Outside of the older adult population, BFR does demonstrate some benefits post surgically. What populations, and what surgeries remain relevant questions for identifying where BFR can provide the most benefit. ACL rehab is the current hot spot in research, but an area of particular interest to me would be post total joint replacement. It is another major surgery involving the knee, with frequent quadriceps deactivation, and increased swelling, and frequently occurs in older adults.

Health Literacy

A key part of this project was breaking down the components of Blood Flow Restriction, particularly because it is still somewhat novel. This meant establishing clear terms, differentiating between different strengthening regimens, and explaining the different metabolic and mechanical stressors that typically drive strengthening. This project relies on students having a good grasp of strength and conditioning, which required more background explanation than initially anticipated. However, we can only recognize BFR’s impact on strength and conditioning if we compare it to more traditional models.


I worked with Jon frequently throughout the semester to review the project, and consider what directions to take it in. We talked about what was relevant about the topic to us as physical therapists, and how to avoid getting stuck in perhaps interesting, but unnecessary red herrings. A big emphasis as we went through was to focus on the safety aspects, and as we reviewed the literature, identifying the neurological impacts of BFR. We discussed how much of this is truly a safety concern, and how it might impact clinical practice. Ultimately, we decided that was important to include in the presentation because physical therapists must have a strong grasp of any and all risk factors to understand patient response, even if it might be mild in the literature.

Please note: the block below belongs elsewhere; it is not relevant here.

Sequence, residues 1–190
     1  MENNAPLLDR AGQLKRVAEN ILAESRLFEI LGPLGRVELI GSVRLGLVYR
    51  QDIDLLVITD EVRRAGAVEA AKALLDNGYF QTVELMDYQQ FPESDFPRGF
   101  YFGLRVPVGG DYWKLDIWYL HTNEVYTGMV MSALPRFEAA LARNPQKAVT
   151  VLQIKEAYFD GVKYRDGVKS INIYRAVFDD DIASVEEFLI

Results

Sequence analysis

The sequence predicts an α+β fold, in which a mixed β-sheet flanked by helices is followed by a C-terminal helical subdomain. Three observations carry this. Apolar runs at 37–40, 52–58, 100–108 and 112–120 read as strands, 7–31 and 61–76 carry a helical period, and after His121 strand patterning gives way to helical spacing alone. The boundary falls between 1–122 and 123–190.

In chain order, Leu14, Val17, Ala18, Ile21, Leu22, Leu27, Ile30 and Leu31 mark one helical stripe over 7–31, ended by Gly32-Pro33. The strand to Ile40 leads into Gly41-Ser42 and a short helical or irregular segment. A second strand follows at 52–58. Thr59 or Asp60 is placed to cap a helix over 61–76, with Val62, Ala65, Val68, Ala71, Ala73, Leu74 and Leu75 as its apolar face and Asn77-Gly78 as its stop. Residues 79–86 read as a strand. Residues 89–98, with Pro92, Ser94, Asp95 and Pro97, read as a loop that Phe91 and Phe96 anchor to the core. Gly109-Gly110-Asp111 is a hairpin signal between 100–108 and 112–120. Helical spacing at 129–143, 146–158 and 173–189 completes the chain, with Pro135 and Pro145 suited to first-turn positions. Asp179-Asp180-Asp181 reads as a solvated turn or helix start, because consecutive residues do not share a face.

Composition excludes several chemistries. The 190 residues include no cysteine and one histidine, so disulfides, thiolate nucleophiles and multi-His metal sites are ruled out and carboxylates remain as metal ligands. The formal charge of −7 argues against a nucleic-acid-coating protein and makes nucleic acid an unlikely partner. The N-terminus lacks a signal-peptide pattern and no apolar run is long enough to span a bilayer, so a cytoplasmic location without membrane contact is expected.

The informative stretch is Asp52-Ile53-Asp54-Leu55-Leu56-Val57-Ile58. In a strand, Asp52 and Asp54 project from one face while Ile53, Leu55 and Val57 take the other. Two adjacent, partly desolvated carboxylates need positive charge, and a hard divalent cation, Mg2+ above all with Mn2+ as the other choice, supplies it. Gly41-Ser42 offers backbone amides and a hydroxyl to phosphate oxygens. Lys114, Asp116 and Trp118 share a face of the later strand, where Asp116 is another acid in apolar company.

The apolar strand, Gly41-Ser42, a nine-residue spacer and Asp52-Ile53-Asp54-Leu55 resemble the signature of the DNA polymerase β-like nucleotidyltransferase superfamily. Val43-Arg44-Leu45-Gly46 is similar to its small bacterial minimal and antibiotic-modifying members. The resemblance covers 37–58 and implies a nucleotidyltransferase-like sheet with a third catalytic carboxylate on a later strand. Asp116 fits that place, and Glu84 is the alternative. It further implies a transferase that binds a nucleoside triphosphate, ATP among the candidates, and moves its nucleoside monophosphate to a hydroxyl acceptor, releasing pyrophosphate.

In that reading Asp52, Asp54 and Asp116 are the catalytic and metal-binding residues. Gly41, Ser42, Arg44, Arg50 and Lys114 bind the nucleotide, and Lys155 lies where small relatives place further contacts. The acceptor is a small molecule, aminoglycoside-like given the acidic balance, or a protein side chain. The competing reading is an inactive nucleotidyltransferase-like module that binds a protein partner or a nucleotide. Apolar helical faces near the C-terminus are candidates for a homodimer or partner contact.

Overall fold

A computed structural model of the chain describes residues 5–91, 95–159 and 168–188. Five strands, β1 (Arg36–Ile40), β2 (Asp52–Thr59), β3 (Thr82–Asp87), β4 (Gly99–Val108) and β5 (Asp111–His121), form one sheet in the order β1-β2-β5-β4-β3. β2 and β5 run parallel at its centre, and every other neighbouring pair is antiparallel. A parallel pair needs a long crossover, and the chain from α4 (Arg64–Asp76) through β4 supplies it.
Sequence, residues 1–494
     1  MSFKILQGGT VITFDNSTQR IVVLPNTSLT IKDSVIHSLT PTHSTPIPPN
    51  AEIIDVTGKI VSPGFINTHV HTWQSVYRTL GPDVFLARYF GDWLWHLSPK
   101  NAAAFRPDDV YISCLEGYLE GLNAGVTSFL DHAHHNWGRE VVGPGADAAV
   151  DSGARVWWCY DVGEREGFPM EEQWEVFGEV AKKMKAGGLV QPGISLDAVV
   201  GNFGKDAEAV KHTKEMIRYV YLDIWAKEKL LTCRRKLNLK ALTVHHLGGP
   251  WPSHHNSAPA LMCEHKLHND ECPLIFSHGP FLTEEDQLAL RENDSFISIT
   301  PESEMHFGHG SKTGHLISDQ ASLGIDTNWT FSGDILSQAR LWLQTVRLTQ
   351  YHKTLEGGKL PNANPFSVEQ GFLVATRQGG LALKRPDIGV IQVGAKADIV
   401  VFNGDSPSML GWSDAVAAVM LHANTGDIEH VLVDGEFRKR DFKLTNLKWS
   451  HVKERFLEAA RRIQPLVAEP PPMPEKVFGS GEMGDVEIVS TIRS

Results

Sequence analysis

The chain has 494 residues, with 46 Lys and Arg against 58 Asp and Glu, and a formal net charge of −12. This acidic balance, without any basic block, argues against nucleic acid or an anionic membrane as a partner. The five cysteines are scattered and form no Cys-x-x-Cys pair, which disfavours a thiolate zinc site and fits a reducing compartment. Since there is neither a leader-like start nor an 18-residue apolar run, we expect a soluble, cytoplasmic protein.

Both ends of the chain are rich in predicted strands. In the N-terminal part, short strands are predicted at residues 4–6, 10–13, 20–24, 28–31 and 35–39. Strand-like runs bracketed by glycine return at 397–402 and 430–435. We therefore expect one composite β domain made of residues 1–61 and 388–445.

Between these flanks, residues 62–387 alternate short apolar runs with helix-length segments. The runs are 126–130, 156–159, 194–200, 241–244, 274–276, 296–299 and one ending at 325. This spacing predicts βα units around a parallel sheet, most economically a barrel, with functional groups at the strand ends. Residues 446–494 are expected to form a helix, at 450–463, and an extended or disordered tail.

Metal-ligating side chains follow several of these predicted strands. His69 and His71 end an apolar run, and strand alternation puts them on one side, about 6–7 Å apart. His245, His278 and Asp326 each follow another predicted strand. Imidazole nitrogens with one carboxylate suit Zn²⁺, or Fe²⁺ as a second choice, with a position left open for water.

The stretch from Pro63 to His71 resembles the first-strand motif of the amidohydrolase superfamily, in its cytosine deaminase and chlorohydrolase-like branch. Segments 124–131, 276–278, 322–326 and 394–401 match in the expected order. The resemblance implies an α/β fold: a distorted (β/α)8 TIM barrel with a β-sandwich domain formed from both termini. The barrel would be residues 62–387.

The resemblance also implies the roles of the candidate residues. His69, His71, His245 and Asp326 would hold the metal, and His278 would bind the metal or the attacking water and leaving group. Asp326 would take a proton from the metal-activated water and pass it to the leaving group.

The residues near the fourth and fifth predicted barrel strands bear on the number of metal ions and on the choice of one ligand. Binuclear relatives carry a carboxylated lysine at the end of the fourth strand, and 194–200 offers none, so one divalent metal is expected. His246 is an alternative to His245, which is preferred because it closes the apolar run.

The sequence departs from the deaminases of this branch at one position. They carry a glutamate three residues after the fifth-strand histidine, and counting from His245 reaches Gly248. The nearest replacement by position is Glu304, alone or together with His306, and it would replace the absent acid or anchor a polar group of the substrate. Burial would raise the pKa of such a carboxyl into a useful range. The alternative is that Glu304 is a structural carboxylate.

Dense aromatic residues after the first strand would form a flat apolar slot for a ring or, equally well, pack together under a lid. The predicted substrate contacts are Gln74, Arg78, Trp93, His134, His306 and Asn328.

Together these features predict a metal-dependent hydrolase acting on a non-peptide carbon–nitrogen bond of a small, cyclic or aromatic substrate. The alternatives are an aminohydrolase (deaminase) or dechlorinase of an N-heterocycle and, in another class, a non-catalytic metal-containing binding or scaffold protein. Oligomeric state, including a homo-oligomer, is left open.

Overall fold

We also included a feedback form following a presentation to the 1st years, to assess how well the presentation conveyed its message, and to assess any weaknesses in student understanding. First year students appreciated that the topic was focused on recent research, and that it was keeping abreast with current developments in the field. During the live presentation, I really emphasized taking time through the more complex components, including explaining the metabolic ‘why’ of BFR, and numerous students reported that taking the time to cover the foundation of BFR supported their understanding of the topic. Lastly, because of the complexity of the topic, I made sure to design frequent ‘break-down’ or ‘summary slides’ to contextualize new information into the big picture, and to make the slides easier to review should students need to go back.